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calculations, he requested that astronomer Johann Gottfried Galle in Berlin search a particular region of the sky for it. In less than an hour after Galle began his search, he noticed something that was not on his charts. When he checked again the next night, it had moved a considerable distance. He had discovered the planet that we now call Neptune! If the aberrant orbit of Uranus had not been accounted for, Newton's theory would have been in jeopardy. So Leverrier's postulation of another planet can be seen as an attempt to save Newton's theory from negative evidence. But his hypothesis was not ad hoc, for it could be independently verified. If he had claimed, however, that some unknown and undetectable (occult) force was responsible for Uranus's erratic behavior, that would have been an ad hoc hypothesis. For, by definition, there would be no way to confirm the existence of such a force. The real purpose of When a scientific theory starts relying on ad hoc hypotheses to be scientific method is saved from adverse data, it becomes unreasonable to maintain belief in to make sure Nature that theory. The phlogiston theory of heat provides a case in point. hasn't misled you into The scientific study of heat began in earnest shortly after Galileo's thinking you know invention of the thermometer (or thermoscope, as he called it) in 1593 something you don't Over the years it was discovered that different substances absorb heat actually know. at different rates, that different substances change state (solid, liquid, — ROBERT M. PIRSIG gas) at different temperatures, and that different substances expand at different rates when heated. To explain these phenomena, German chemist Georg Ernst Stahl proposed in the late seventeenth century that all combustible substances and metals contain an invisible substance that came to be known as phlogiston. Phlogiston was considered to be an elastic fluid composed of particles that repel one another. (This explained why things expand when heated.) These particles were thought to be attracted to particles of other substances with different strengths. (This explained why some things heat faster than others.) When particles of phlogiston come into contact with particles of another substance, they supposedly combine to form a new state of matter. (This explained why ice turns into water when heated.) Phlogiston also seemed to explain such mysteries as why a substance turns to ash when burned (it loses phlogiston),- why a metallic oxide turns back into a metal when heated with charcoal (it gains phlogiston),- and why pounding on a substance can make it expand (it releases stored phlogiston). Because the phlogiston theory seemed to explain so much, it became the dominant theory of heat in the eighteenth century. It always had its detractors, however, for phlogiston was a very mysterious substance. Not only was it colorless and odorless,- it was 186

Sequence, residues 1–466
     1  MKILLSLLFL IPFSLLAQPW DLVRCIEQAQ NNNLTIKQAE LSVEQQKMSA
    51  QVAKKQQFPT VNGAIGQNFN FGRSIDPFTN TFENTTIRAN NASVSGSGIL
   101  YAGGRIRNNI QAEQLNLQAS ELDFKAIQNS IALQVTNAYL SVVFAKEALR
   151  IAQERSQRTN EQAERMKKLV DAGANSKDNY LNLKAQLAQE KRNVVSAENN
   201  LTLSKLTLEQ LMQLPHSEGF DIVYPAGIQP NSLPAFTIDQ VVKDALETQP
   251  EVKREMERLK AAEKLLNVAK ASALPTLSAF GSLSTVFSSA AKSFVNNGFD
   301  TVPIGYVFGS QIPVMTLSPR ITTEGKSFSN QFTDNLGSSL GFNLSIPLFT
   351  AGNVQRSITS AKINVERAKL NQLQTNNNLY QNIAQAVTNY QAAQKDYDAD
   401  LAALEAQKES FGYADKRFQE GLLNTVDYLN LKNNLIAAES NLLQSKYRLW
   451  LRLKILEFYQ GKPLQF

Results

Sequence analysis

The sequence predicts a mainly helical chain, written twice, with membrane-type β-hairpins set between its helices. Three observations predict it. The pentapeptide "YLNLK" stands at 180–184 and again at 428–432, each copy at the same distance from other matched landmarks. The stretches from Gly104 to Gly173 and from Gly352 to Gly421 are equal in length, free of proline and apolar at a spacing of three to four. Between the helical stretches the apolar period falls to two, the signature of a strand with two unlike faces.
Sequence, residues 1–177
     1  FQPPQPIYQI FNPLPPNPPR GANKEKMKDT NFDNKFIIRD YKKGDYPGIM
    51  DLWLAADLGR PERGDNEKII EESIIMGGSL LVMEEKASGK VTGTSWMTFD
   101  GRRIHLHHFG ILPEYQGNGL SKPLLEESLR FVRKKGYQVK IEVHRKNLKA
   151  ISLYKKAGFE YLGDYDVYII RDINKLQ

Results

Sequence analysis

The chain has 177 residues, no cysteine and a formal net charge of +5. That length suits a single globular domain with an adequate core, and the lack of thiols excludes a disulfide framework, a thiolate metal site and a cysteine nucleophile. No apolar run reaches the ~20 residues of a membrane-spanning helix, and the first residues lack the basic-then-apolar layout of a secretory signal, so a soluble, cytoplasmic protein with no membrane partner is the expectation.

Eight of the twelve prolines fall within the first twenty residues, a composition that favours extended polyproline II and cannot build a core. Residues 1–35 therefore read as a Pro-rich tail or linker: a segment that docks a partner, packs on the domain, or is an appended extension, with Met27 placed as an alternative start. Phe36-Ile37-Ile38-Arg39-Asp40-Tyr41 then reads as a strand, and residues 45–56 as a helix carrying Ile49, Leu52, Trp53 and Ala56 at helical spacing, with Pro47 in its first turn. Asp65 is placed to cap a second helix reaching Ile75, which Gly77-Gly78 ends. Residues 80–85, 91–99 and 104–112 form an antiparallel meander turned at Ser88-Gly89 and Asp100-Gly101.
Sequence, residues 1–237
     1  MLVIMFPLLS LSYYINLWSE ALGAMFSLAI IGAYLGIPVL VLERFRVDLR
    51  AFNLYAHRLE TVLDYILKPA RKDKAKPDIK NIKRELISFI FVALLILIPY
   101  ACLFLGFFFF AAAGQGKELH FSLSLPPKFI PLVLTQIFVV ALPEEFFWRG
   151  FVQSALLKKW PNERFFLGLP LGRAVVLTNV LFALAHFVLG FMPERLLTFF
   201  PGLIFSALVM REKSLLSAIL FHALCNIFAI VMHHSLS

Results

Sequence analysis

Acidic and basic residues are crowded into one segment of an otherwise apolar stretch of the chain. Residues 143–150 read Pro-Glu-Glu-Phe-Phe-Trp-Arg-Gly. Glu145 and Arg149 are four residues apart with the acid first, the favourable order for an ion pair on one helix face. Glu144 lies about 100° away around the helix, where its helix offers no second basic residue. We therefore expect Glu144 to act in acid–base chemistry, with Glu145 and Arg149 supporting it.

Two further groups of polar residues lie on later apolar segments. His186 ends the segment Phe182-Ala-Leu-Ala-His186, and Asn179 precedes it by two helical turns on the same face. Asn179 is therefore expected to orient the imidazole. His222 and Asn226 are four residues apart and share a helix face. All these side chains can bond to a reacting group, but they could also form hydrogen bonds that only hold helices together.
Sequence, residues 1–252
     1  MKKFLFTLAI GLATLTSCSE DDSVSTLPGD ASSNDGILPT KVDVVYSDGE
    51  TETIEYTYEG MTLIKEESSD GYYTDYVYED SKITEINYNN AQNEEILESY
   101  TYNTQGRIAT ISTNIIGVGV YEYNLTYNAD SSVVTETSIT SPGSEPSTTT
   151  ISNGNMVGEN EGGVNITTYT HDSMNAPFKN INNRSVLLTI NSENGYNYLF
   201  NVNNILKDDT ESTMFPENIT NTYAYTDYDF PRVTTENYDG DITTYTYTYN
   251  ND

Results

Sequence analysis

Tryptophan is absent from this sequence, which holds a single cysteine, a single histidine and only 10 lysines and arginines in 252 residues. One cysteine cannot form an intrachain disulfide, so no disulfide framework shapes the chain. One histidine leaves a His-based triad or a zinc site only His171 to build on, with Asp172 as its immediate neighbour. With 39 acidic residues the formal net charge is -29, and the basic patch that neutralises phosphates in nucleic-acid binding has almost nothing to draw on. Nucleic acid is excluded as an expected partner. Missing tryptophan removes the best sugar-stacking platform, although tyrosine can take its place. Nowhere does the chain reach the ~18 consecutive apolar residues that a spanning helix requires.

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weightless as well. Even though phlogiston was supposed to flow into substances that were heated, careful experiments had found that increases in temperature did not produce increases in weight. Phlogiston was also thought to flow out of substances that were burned. What ultimately led to the theory's demise, however, was the discovery that some substances actually gain weight when burned. French chemist Antoine Lavoisier found that when tin was burned, for example, the resulting metallic oxide weighed more than the original tin. If phlogiston were lost during burning, he argued, this weight gain wouldn't be possible. Defenders of the phlogiston theory tried to account for this phenomenon by hypothesizing that the phlogiston in tin possessed negative weight, so that when it was lost, the tin gained weight. But this hypothesis was soon seen for what it really was — a desperate attempt to save the theory from the facts. Unlike Leverrier's postulation of the existence of the planet that was named Neptune, there was no way to independently confirm or confute the negative weight hypothesis. It was ad hoc in the truest sense of the term. The moral of this story is that for a hypothesis to increase our knowledge, there must be some way to test it, for if there isn't, we have no way of telling whether or not the hypothesis is true.